In any case, said Bishop, “If what he [Calhoun] says is true, there would be documentation of the fact in point summaries and pay documents.”


Yet another veteran of the 187th is Wayne Rambo of Montgomery, who as a lieutenant served as the unit’s chief administrative until April of 1972. That was a few months prior to Bush’s alleged service, which Rambo, who continued to drill with the 187th, also cannot remember.

Rambo was, however, able to shed some light on the Guard practice, then and now, of assigning annual service “points” to members, based on their record of attendance and participation. The bare minimum number is 50, and reservists meeting standard are said to have had “a good year,” Rambo said. Less than that amount to an “unsatisfactory” year – one calling for penalties assessed against the reservist’ retirement fund and, more immediately, for disciplinary or other corrective action. Such deficits can be written off only on the basis of a “commander’s call,” Rambo said – and only then because of certifiable illness or some other clearly plausible reason.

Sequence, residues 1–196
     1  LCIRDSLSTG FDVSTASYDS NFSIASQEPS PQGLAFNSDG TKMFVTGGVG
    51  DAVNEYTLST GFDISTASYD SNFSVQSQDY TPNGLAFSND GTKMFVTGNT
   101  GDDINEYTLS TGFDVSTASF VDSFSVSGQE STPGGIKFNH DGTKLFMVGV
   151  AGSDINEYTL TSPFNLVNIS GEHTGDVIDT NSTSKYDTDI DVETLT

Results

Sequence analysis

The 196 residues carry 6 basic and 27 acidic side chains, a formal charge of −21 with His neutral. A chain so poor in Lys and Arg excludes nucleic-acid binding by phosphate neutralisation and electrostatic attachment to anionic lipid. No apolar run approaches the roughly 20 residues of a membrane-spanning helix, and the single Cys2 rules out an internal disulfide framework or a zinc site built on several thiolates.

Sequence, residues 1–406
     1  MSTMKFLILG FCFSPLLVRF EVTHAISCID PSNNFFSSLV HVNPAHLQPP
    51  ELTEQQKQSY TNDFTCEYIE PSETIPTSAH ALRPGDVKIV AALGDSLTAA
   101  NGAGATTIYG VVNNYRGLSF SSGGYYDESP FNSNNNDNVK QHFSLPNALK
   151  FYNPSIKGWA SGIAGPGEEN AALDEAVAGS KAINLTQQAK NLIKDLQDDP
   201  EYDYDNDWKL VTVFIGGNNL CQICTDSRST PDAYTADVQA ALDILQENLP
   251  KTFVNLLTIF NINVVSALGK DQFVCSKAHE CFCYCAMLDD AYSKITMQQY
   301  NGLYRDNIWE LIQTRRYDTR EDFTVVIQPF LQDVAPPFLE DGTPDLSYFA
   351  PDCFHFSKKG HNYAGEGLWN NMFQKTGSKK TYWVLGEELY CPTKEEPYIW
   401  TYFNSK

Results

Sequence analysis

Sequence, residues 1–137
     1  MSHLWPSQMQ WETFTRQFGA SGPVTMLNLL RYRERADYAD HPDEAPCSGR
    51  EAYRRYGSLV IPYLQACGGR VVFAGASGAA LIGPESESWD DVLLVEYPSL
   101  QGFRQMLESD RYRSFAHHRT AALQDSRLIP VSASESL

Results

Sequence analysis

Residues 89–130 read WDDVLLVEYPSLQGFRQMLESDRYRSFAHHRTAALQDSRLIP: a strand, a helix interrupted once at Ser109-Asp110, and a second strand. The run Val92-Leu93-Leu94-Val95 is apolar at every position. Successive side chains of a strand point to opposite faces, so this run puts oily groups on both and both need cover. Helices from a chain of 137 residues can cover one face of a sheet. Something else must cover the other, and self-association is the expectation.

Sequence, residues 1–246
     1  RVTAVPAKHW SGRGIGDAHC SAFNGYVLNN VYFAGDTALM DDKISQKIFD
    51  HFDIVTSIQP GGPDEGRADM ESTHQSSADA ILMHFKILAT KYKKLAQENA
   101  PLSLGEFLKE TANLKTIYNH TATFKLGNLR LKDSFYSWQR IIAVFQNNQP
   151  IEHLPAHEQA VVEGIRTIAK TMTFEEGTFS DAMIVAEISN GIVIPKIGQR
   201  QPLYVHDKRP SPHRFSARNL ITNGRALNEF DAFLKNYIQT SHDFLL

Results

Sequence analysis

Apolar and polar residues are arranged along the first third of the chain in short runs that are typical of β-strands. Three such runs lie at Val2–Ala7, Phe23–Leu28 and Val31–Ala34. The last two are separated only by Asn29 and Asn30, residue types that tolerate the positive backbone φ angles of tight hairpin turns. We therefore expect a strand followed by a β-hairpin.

“The 50-point minimum has always been taken very seriously, especially for pilots,” says Rambo. “The reason is that it takes a lot of taxpayer money to train a pilot, and you don’t want to see it wasted.”

For whatever reason, the elusive Lt. George W. Bush was awarded 41 actual points for his service in both Texas and Alabama during 1972 – though he apparently was given 15 “gratuitous” points -- presumably by his original Texas command -- enough to bring him up from substandard. That would have been a decided violation of the norm, according to Rambo, who stresses that the awarding of gratuitous points was clearly meant only as a reward to reservists for meeting their bottom line

“You had to get to 50 to get the gratuitous points, which applied toward your retirement benefits,” the former chief administrative officer recalls. “If you were 49, you stayed at 49; if you were 50, you got up to 65.”